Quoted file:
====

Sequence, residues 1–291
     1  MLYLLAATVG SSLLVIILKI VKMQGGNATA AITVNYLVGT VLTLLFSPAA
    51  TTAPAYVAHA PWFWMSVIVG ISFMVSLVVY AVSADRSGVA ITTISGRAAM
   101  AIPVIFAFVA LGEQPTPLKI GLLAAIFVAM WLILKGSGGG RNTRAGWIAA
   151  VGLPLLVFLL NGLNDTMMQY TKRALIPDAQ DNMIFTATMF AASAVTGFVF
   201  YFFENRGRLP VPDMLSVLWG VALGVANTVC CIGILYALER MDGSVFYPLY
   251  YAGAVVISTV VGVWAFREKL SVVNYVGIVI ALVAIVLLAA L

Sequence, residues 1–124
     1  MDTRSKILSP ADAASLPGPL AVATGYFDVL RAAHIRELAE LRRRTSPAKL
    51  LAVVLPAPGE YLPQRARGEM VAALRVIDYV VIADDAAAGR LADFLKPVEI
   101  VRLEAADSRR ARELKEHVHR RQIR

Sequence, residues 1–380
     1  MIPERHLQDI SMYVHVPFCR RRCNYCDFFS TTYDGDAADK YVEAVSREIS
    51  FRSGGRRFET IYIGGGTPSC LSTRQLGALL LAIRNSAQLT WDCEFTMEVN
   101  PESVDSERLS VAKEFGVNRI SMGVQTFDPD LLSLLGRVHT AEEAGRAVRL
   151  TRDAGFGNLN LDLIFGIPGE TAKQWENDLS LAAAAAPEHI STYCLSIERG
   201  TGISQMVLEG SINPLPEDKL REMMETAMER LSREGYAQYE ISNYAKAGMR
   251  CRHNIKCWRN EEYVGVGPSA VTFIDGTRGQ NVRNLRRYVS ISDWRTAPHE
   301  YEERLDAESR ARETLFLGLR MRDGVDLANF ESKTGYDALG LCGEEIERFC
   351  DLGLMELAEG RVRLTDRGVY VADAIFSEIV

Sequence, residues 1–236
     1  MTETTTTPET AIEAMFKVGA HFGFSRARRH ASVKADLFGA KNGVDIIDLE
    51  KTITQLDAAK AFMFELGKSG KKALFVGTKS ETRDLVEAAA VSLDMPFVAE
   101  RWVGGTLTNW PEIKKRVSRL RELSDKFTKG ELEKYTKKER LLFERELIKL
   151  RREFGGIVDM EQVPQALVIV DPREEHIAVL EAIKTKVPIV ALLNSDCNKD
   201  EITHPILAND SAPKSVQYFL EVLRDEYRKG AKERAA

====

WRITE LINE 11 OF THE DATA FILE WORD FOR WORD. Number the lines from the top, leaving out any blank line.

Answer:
   101  VRLEAADSRR ARELKEHVHR RQIR